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As any start-up or small business owner knows, the ability to be a ‘jack of all trades’ is an essential part of early success. But as a business grows it is vital that, as its leader, you focus more on your own key strengths. This means finding a way of bringing in wide-ranging skills in a cost effective and efficient manner. In this blog we explore some ways of going about this.

When the poet John Donne wrote “no man is an island” it was to highlight the fact that we all need others to help us thrive in life. And, the same is true in business. To be successful, people need to recognise their own skills but equally acknowledge their knowledge gaps and realise that they may benefit from the expertise of others to achieve their ambitions.

The truth is, a start-up business or entrepreneur’s journey will often begin with a great idea, but they then face the challenge of turning that idea into a reality and taking the product or service to market. Removing skills gaps is a vital challenge the entrepreneur must overcome to be successful.

In fact, The Global Business Monitor, which surveys SME owners and decision makers worldwide, found that skills shortages was the biggest challenge facing businesses last year, beating rising overheads and government regulation.

Running a successful business can mean drawing on a range of disciplines, from sales to project management to design, to cater for every aspect of the business. As an entrepreneur just starting out, it’s nigh on impossible to afford this breadth of required talent. But entrepreneurs needn’t view recruitment as the only way of gaining access to the skills that will further their business. Collaborating with other like-minded individuals, experts or organisations to share skills is an alternative approach to consider.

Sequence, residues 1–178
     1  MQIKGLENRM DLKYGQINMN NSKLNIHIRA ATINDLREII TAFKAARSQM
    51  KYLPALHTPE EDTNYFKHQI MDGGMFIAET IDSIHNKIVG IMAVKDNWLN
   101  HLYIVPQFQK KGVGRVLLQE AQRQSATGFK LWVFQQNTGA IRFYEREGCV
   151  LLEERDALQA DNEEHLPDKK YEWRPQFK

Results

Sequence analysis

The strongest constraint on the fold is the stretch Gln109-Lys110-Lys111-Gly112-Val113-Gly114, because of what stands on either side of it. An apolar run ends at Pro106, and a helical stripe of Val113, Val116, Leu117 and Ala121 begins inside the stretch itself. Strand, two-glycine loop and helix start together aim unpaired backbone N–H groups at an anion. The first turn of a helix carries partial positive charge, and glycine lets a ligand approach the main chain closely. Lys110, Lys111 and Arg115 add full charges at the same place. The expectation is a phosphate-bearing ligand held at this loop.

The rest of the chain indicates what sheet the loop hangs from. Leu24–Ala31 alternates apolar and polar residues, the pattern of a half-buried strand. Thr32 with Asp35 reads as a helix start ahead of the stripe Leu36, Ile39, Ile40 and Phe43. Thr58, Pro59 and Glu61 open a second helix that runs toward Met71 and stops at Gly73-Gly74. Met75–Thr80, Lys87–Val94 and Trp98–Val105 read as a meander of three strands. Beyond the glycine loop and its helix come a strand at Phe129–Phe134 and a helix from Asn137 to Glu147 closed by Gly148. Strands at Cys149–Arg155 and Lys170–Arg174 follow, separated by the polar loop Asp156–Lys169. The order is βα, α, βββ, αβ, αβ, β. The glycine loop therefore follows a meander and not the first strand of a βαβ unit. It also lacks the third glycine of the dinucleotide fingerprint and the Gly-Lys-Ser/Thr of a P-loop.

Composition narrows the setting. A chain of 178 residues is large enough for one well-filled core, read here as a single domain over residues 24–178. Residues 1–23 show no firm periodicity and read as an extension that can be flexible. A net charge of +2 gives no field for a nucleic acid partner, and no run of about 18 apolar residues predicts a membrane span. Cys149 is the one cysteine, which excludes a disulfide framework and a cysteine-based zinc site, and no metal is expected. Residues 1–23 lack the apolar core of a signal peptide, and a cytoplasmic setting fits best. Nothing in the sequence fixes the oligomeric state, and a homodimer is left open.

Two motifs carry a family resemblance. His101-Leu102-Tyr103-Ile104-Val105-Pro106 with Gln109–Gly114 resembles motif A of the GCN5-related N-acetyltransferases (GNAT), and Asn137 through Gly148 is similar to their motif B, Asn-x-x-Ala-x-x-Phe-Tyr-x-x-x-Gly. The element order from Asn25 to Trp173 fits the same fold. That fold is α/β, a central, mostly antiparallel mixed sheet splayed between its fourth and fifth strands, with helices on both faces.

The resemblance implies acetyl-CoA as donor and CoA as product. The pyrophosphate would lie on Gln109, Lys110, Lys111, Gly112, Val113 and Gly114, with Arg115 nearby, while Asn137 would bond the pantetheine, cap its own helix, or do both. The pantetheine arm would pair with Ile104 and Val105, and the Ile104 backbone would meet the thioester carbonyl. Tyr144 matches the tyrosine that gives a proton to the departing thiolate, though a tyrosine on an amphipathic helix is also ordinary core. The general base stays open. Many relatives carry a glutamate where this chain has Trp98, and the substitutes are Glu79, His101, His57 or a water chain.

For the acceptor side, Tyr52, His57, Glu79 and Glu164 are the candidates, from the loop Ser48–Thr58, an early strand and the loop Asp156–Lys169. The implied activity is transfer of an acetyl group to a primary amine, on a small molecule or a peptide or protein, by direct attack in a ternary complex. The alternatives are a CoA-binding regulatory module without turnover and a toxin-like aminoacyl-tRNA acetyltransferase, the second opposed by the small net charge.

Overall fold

Collaboration opens doors to new skills

In spite of often limited resources, a start-up, entrepreneur or SME will have a wealth of knowledge and skills to share with their peers. From product design through to marketing, branding or sales or tech these skillsets are valuable commodities to others looking to get their own business ideas off the ground.

Working together in collaboration can help fill the skills gaps that many SMEs have. One inspiring example of a start-up collaboration is online homeware outlet A Splash of Colour, and clothing brand Utter Couture. One specialises in online and the other in-store, so the two businesses worked together to share knowledge and expertise and helped each other develop their own channels to market. Given that both channels can attract different people and cater for different buying behaviours, Utter Couture cites a widened customer base thanks to the move.

Sometimes, larger organisations offer ready-made collaboration initiatives that invite SMEs to engage with them. KPMG for example promotes the importance of collaboration in business, and offers SMEs the opportunity to benefit from a structured approach to gaining skills from other disciplines. The professional services firm is looking to build an ecosystem of investors, start-ups and corporations so they can work together and help each other innovate. As a provider of services to many SMEs, it recognises that smaller businesses’ skillsets can be fairly limited and that they would benefit from the expertise and advice that corporates have to offer.

What skills can different organisations offer?